To properly write a provisional patent application, it should have 1) a complete description of how the invention works and 2) a set of technical drawings that help explain how the invention works. The key concept is that a provisional patent application must fully describe how the invention works, including the components that make up the invention and how the components are arranged. If any portion of the invention is not clearly described, it is not protected!
You protect only what you describe, so write as much as possible.
It is a common misconception that a provisional patent application does not need to be written in detail. After all, it’s just a provisional or temporary patent application right? Wrong! What is not explained is not protected. Think about it, if I filed a patent application with one sentence and it said, “A machine that can travel through time”, do you think I can stop anyone from ever making a time machine or prevent anyone from saying they invented a time machine before I did? Of course not. Unless I actually know how to make a time machine, including all the components that it needs, and how to put it together, I cannot get even provisional patent protection. So the first thing to remember is you must explain how the invention works in full detail.
Do you have the technical background to describe how the invention works?
Describing the components of the invention and how it is arranged is not something every inventor can do properly. For example, if your invention has an actuator, do you know what other components it is attached to, and how it contributes to the overall working of your entire invention? Can you further explain it? A provisional patent application should be written in such detail that someone reading the application can recreate the invention. If you don’t have an engineering background, you will want to have a patent attorney or agent prepare the patent application. Often, even patent attorneys and agents further take on the help of engineers who specialize in the field of your invention to assist in preparing the patent writing. This is because the quality of the patent application heavily relies on how well the invention is described form a technical viewpoint. Even if you have an engineering background, it is best to have someone else as a professional write the patent application. Remember, the patent application should disclose the invention in sufficient detail for someone else to make the invention. You know your invention already and your patent application writing may skip over details you think are not important, although someone else reading the application may not understand. It is therefore best to have someone else write the application to make sure others can understand how your invention works, not just you.
Detail how the invention works, not what the invention does
A patent application needs to focus on how the invention works, not what it does. These two are very different. If I say I invented a machine that can travel through time, I’m talking about what it does. However, a patent application requires disclosure on how it works. Namely, what components make up the invention, how those components are assembled, and how those components allow the invention to work. Many inventors get carried away in describing what their invention does, how great it is, and how it will change the world. However, the Patent Office cares more about how the invention works, and less about what the invention does. If you don’t include enough detail about how the invention works, your invention is not properly protected in the patent application.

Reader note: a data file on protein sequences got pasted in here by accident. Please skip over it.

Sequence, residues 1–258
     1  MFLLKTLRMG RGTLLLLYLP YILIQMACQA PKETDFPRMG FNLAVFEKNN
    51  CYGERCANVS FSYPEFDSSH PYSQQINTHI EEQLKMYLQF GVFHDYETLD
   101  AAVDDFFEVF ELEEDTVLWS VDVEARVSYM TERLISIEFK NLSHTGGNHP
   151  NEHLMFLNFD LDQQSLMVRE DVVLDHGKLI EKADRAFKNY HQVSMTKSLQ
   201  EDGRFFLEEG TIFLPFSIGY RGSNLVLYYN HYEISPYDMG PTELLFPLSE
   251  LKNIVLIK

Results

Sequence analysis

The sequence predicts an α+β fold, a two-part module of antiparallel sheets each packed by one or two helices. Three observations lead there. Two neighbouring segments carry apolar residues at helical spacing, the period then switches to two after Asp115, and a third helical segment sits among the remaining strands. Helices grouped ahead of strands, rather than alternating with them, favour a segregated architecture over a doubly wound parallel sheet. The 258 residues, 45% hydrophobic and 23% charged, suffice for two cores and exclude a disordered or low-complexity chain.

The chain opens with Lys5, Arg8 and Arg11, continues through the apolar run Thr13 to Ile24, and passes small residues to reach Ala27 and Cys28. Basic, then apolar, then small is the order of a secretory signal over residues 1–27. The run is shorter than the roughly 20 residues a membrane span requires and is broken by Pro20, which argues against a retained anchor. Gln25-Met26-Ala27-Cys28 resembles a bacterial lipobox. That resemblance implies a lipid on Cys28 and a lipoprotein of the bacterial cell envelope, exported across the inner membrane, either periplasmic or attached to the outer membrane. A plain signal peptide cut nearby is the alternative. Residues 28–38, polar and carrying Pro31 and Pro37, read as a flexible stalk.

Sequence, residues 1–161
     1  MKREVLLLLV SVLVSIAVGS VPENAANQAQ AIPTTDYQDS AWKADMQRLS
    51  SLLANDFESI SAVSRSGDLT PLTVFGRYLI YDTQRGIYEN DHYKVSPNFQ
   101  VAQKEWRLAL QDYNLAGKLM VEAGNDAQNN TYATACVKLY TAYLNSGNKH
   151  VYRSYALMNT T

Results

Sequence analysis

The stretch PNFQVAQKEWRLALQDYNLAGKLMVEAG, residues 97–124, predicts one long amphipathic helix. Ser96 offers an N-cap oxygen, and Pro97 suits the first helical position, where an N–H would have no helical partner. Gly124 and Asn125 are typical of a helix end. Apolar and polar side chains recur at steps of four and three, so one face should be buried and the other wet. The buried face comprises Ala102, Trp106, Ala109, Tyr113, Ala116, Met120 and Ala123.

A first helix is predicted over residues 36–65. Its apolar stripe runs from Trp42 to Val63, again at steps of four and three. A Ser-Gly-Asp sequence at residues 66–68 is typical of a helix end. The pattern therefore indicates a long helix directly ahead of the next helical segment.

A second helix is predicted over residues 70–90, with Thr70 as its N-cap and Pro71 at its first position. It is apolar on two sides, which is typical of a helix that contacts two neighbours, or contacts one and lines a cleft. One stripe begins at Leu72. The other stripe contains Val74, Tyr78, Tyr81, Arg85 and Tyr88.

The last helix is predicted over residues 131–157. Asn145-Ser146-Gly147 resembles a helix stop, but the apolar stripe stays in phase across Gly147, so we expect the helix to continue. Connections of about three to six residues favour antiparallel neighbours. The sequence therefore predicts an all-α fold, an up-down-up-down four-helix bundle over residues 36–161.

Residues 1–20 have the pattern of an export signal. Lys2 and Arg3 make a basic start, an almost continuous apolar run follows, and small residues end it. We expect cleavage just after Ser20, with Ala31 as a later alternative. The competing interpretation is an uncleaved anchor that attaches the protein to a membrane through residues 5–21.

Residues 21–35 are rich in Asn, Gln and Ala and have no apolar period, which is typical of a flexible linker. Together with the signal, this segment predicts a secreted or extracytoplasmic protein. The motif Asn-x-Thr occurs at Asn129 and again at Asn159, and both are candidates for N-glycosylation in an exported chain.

Prepare technical patent drawings
Visuals are important in helping a reader understand how an invention works, and we discussed already that the protection of a provisional patent application is based on how well the patent application allows someone to understand how the invention works. Therefore, drawings are an important part of the provisional patent application. For technical individuals to understand how an invention works, they rely on technical drawings. Patent drawings are often technical drawings done in computer aided design (CAD) which show all the components of an invention and how the components are arranged. Patent drawings sometimes show the invention cut open, or exploded, to further show how the components are assembled. Unless you can prepare technical patent drawings, it is recommended to have a patent professional prepare these to ensure your invention is properly protected in the patent application.
A provisional patent application protects only the detail you clearly explain regarding how your invention works. The less detail you write, the less it protects. The less technical writing or technical drawing you include, the less it protects. Remember the above “time machine” example. If I file a provisional patent application with just a few sentences saying I invented a time machine, I will have no protection. Have a patent professional understand your invention and prepare a full set of patent writing and patent drawings to fully explain how your invention works.